But the combination of plums with aromatic spices is right on, and if you’re adventurous you could always take this fruit spread one step further and add a small spoonful of brandy, a few shakes of cinnamon and an even tinier hint of nutmeg, even a little grated lemon peel. The simple version below is good on toast, delicious with Greek yogurt and plenty complex enough for me before or after the second cup of coffee.
However, the full-on dressed-up version would probably be a wonderful accent for goat cheese tartlets or a baked brie if you were doing swanky appetizers for a dinner party. I’d test-taste a small batch of the jam first just to make sure it wasn’t too rich with the brandy and nutmeg, because a little goes a long way, but otherwise, let ‘er rip. The plum-jam-with-cheese appetizers would also be an unexpectedly good accompaniment to mead, sherry or other apéritifs for fall.
5-Minute Microwave Plum Fruit Spread (makes about a cup)
- 5-6 ripe Italian blue or prune plums (or any other plums), washed, pitted and cut up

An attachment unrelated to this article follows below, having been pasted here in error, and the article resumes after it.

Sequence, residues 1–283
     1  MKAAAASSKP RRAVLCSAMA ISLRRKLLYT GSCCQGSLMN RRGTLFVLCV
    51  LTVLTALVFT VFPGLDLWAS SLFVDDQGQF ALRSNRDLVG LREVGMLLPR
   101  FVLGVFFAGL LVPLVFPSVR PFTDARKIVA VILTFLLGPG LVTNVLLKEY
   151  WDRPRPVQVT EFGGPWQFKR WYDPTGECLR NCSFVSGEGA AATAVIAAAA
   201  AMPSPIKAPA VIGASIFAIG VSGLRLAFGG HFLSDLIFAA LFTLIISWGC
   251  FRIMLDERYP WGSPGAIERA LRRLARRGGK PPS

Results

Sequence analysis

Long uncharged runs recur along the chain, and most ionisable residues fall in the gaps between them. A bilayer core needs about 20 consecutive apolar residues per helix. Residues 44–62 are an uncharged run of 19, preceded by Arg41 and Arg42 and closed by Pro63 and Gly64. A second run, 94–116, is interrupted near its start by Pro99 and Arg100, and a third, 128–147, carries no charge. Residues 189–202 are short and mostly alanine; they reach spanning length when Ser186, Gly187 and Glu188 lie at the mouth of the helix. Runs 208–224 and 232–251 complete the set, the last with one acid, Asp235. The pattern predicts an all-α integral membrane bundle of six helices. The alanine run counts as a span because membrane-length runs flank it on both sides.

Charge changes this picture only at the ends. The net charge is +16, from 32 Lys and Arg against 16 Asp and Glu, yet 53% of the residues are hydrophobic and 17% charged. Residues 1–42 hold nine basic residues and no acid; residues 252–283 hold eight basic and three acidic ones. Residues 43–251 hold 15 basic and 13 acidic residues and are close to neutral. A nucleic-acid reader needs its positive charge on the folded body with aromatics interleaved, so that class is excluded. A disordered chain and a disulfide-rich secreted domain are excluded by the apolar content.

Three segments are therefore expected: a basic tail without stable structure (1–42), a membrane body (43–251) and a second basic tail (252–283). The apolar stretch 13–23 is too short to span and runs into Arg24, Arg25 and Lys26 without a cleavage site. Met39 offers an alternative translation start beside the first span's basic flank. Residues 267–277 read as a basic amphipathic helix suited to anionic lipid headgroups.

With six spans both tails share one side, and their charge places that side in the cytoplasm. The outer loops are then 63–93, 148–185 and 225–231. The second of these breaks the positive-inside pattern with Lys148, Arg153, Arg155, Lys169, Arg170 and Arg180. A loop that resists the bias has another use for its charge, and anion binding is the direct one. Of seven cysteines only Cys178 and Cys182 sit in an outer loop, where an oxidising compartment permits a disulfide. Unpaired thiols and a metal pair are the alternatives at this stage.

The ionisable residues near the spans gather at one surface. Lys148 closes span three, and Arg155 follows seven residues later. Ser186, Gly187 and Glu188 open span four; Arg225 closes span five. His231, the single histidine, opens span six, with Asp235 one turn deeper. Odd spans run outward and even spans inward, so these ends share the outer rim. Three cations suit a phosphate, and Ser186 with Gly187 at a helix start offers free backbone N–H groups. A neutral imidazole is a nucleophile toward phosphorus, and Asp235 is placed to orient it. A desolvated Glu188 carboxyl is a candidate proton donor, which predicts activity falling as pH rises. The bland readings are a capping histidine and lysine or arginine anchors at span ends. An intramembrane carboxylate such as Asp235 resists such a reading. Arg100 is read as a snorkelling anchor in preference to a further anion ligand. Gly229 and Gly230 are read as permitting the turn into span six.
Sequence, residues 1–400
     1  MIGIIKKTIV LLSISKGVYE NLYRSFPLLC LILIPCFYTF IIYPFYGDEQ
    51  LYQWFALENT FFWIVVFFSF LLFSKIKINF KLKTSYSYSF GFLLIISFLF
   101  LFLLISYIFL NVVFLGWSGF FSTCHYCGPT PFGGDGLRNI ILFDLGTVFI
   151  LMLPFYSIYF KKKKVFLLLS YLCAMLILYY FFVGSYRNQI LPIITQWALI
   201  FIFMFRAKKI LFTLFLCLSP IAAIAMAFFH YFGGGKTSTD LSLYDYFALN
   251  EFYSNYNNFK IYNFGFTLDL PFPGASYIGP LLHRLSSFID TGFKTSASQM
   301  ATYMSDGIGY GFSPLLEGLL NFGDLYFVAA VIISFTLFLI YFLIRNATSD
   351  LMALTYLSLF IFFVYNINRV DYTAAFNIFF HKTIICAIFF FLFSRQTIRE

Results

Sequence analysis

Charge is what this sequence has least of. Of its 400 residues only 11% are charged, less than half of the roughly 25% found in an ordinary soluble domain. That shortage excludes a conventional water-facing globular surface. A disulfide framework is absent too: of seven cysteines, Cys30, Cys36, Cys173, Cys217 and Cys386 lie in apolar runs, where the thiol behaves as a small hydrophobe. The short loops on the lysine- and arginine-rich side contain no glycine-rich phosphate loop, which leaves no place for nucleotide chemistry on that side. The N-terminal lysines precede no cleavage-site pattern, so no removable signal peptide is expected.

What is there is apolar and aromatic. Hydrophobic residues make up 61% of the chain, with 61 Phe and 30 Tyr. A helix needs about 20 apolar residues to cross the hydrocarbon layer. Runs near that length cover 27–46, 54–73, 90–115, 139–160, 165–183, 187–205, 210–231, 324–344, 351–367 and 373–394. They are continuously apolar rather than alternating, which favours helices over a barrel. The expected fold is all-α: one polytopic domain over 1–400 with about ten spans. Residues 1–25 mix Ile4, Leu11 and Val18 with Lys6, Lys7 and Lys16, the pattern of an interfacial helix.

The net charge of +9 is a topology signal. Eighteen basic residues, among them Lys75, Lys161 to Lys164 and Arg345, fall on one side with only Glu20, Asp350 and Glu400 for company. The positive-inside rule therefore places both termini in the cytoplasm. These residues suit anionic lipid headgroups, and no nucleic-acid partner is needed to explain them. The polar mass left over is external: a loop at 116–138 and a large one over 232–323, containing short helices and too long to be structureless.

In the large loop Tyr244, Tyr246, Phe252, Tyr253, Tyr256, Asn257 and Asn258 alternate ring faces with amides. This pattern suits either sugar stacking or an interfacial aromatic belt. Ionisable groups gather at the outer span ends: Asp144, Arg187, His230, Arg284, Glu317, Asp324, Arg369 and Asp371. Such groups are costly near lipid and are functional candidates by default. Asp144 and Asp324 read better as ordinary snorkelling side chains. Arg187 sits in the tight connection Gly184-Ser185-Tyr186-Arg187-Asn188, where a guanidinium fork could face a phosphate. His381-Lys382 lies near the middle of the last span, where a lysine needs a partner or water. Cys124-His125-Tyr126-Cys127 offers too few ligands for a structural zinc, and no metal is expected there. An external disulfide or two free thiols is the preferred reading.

- 2-3 T sugar (or more to taste–I like mine less sweet, more fruit)
- squeeze of lemon juice
- pinch of cloves (maybe 1/8 t, probably a little less)
- pinch of powdered ginger (a little less than 1/8 t)
Put all ingredients in a microwaveable ceramic bowl big enough to hold them with a couple of inches to spare, because the plum mixture will bubble up as it cooks. Remember to handle the edges of the bowl with a towel or oven mitt or something (folded paper sandwich bags also work okay in a pinch) because this will heat long enough for the bowl itself to get hot.
Microwave 1-2 minutes on HIGH (I have an 1100 W oven, so adjust times to whatever works for you if yours is older and lower power). The plums should be starting to break down and just starting to color pinkish. Stir the mixture and microwave another minute or so, stir again. If it’s not cooked as much as you think it should be, microwave another minute or so but be prepared to hit the stop button if you see it start to boil over. If it’s fully colored and broken down to a fruit spread, take a small spoonful, let it cool, and taste carefully. It will probably taste a lot like not-very-sweetened cranberry sauce. If it’s not sweet enough for you, add a little more sugar to taste, and maybe another squeeze of lemon, then let it cool all the way covered and refrigerate. It will thicken a little further and mellow overnight and taste more like plums, especially with the clove and ginger notes.